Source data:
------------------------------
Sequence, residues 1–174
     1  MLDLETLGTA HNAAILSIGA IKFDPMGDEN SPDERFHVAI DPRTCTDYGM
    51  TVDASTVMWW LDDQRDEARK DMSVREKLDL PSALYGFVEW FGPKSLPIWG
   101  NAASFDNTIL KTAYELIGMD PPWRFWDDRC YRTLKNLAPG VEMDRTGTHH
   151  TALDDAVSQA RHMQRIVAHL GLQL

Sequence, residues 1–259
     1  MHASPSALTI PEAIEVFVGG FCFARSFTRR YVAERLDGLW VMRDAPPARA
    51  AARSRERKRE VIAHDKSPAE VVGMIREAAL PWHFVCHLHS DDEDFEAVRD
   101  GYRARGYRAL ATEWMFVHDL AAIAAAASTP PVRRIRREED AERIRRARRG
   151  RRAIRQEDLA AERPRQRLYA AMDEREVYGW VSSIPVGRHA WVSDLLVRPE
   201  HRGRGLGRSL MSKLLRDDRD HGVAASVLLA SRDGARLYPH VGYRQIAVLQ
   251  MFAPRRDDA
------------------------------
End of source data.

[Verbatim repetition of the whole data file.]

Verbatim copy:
Sequence, residues 1–174
     1  MLDLETLGTA HNAAILSIGA IKFDPMGDEN SPDERFHVAI DPRTCTDYGM
    51  TVDASTVMWW LDDQRDEARK DMSVREKLDL PSALYGFVEW FGPKSLPIWG
   101  NAASFDNTIL KTAYELIGMD PPWRFWDDRC YRTLKNLAPG VEMDRTGTHH
   151  TALDDAVSQA RHMQRIVAHL GLQL

Sequence, residues 1–259
     1  MHASPSALTI PEAIEVFVGG FCFARSFTRR YVAERLDGLW VMRDAPPARA
    51  AARSRERKRE VIAHDKSPAE VVGMIREAAL PWHFVCHLHS DDEDFEAVRD
   101  GYRARGYRAL ATEWMFVHDL AAIAAAASTP PVRRIRREED AERIRRARRG
   151  RRAIRQEDLA AERPRQRLYA AMDEREVYGW VSSIPVGRHA WVSDLLVRPE
   201  HRGRGLGRSL MSKLLRDDRD HGVAASVLLA SRDGARLYPH VGYRQIAVLQ
   251  MFAPRRDDA